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In the new world of online teaching, do you have to chose between live teaching and using recorded lessons? We invited guest blogger Tom Rogers (@rogershistory), History teacher, blogger for TES and founder and director of @teachmeeticons and @edudateofficial to describe his approach.

“Those schools who try to do everything they would do in a face-to-face context in a remote context are going to come unstuck”, said Darren Northcott, the education lead for NASUWT at a recent webinar for teachers concerned about online teaching.

One of the most significant trends of this new world of online teaching that we find ourselves in seems to be the idea that the teacher needs to be ‘present’ all the time. This has been encapsulated in ‘live lessons’ – namely, teachers teaching their normal timetable live and on screen.

During Northcott’s presentation, he highlighted the lack of research around live lessons being better than pre-recorded, ‘non-live’ ones. And there’s certainly a broad interpretation of what’s ‘best’ in schools across the country.

I entirely agree with Darren - we need to protect teachers’ workload and that we can’t do everything we do in a classroom. So I asked myself: does it have to be a choice between one or the other? Maybe the two approaches are not as mutually exclusive as the current conversation might lead us to believe.

There is space for a live lesson – where the students and teacher are present in the moment – that involves the teacher facilitating learning in a different way than solely delivering it all whilst also battling new technology, engagement, intervention and everything else.

My school has implemented a full timetable of ‘live’ online learning.

I wanted to come up with an approach to live lessons that would be as effective as possible whilst still allowing me a life! The idea of planning and delivering four or five live lessons a day, led solely by me, was out of the question. It’s just not a sustainable way for teachers to work. So I looked at alternatives.

I knew about Oak National Academy anyway from their work in lockdown one and quickly realised that if I could stream an Oak lesson through Microsoft Teams, then it would be almost like ‘team teaching’ the content.

As a history teacher, I knew they had most of the key content we were delivering, including the ‘medicine through time’ unit, covered.

So, my standard lesson plan is now as follows:

  1. Starter/introduction/register – with a retrieval quiz activity
  2. I play an Oak National Academy video lesson and pause at the points the Oak teacher says to pause (pause points are embedded in each video)! I encourage Q&A with students at these points. Pausing is used for students to complete comprehension questions and for me to answer questions and deal with any misconceptions or misunderstandings.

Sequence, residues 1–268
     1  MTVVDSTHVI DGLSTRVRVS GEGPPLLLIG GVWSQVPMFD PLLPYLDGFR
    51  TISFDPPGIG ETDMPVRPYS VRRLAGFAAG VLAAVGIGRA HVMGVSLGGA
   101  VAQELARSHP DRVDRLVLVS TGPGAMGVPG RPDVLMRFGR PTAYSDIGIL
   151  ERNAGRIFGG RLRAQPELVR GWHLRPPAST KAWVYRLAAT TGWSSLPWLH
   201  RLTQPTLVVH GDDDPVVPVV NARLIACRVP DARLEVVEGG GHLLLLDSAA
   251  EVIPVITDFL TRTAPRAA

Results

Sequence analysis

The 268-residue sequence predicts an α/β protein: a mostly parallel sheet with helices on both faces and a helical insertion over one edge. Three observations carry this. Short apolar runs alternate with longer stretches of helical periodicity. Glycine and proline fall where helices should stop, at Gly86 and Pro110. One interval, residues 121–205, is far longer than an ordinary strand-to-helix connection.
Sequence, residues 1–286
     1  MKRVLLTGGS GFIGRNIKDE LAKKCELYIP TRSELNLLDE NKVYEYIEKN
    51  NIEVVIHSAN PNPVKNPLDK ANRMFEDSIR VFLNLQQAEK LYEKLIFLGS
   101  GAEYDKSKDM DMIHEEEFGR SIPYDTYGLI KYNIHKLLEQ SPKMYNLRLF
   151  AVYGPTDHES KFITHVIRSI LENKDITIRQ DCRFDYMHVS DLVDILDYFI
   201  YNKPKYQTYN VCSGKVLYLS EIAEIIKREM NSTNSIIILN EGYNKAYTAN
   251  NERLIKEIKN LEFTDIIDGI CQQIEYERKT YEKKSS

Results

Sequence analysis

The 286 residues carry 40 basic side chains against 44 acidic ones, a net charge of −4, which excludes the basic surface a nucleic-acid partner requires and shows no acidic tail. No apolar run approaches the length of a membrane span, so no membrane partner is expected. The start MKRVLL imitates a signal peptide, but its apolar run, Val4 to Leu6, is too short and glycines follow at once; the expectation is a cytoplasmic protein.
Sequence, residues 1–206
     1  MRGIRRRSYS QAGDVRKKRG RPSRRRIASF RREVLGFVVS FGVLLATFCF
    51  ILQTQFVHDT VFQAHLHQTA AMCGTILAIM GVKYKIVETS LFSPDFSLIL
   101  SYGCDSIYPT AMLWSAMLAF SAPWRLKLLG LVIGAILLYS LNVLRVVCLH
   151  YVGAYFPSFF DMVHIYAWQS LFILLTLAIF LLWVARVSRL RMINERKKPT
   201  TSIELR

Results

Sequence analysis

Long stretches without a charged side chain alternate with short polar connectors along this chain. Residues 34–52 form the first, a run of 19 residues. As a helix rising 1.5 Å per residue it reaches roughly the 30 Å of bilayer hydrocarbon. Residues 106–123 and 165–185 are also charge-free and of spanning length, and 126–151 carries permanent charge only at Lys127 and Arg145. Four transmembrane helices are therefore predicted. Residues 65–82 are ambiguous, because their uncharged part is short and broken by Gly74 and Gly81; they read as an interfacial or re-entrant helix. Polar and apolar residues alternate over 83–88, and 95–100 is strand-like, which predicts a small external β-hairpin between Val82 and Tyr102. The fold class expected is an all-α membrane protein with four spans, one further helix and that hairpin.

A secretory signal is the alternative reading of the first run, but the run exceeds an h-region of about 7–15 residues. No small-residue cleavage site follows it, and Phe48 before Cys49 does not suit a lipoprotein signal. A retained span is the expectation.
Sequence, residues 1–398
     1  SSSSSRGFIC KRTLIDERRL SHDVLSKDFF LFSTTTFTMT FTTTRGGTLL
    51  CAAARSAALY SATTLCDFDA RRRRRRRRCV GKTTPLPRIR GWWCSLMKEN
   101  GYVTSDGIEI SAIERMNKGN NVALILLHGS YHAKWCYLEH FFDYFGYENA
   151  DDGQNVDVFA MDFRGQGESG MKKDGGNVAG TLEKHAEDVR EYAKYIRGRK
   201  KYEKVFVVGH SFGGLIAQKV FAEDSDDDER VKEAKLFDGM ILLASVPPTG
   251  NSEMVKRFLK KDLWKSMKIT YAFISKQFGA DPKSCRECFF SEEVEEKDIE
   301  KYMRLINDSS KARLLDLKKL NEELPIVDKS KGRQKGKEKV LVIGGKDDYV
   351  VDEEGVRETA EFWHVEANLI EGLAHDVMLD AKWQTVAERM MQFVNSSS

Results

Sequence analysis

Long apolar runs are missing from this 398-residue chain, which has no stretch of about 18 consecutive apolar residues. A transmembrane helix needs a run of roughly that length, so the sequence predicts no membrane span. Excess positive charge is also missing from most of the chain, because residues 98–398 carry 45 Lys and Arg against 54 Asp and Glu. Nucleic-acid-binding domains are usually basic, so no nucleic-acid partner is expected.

3. Students submit their notes and answers to any tasks set, including comprehension questions, as an assignment through the VLE.
  4. I turn my own camera and mic on and lead a quiz, using something like menti.com which allows the students to submit answers that show up on screen for all students ‘live’.

(One thing to note is that you need to have the Microsoft Teams desktop app installed to be able to use the ‘share screen with audio’ button. I tried to do this originally using it through a browser and that button doesn't exist!)

The lesson is still ‘live’, so you have all the advantages of that – real time interaction with students, added accountability to attend and engage and so on. But – and this is key – using this approach means there is less onus on me, as one individual teacher, to facilitate quite complex and multi-faceted sessions, four or five times a day.

I can ‘team teach’ virtually and add another knowledgeable, qualified, expert into my lessons. It has already saved me a huge amount of time and effort.

I am also always conscious of the student experience in my lessons, whether face to face or online, and wouldn’t want to use something that detracted from that or that I felt uncomfortable using.

Every Oak lesson I’ve used so far has been excellent. They don’t overcomplicate things, they are easy to follow and are also as interesting and engaging as anything I could do myself in an online setting.

Thanks to all the Oak teachers and I hope this method might work for you if you are looking for a slightly different approach to lesson delivery.

And if it’s helpful to see it in action – I have created this little ‘how-to’ video here to show you how I do it: https://youtu.be/JpBef73KO4c

There are many ways to approach remote education and we’re all adapting to the ways which work for us.

For more ideas or information, Oak National Academy regularly hosts free webinars to show the lots of ways schools are using the resources, and you check out and use all of their lessons for free on the Teacher Hub here.